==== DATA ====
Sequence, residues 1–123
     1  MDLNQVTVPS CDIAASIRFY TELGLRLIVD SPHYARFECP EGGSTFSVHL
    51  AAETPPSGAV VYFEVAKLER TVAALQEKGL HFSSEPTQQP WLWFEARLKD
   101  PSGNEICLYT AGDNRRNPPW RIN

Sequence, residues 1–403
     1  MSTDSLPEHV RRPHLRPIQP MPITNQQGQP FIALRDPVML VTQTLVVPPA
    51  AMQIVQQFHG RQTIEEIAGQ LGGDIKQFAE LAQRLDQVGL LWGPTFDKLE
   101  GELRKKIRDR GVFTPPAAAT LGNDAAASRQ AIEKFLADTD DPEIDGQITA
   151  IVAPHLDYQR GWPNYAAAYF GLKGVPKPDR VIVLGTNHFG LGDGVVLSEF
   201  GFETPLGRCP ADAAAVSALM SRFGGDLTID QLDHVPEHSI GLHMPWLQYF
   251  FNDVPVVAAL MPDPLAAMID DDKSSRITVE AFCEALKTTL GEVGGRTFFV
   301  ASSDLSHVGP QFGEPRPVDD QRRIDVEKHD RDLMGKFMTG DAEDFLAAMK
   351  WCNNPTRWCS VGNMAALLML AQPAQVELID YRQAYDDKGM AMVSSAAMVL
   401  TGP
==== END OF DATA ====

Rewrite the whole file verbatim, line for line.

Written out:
Sequence, residues 1–123
     1  MDLNQVTVPS CDIAASIRFY TELGLRLIVD SPHYARFECP EGGSTFSVHL
    51  AAETPPSGAV VYFEVAKLER TVAALQEKGL HFSSEPTQQP WLWFEARLKD
   101  PSGNEICLYT AGDNRRNPPW RIN

Sequence, residues 1–403
     1  MSTDSLPEHV RRPHLRPIQP MPITNQQGQP FIALRDPVML VTQTLVVPPA
    51  AMQIVQQFHG RQTIEEIAGQ LGGDIKQFAE LAQRLDQVGL LWGPTFDKLE
   101  GELRKKIRDR GVFTPPAAAT LGNDAAASRQ AIEKFLADTD DPEIDGQITA
   151  IVAPHLDYQR GWPNYAAAYF GLKGVPKPDR VIVLGTNHFG LGDGVVLSEF
   201  GFETPLGRCP ADAAAVSALM SRFGGDLTID QLDHVPEHSI GLHMPWLQYF
   251  FNDVPVVAAL MPDPLAAMID DDKSSRITVE AFCEALKTTL GEVGGRTFFV
   301  ASSDLSHVGP QFGEPRPVDD QRRIDVEKHD RDLMGKFMTG DAEDFLAAMK
   351  WCNNPTRWCS VGNMAALLML AQPAQVELID YRQAYDDKGM AMVSSAAMVL
   401  TGP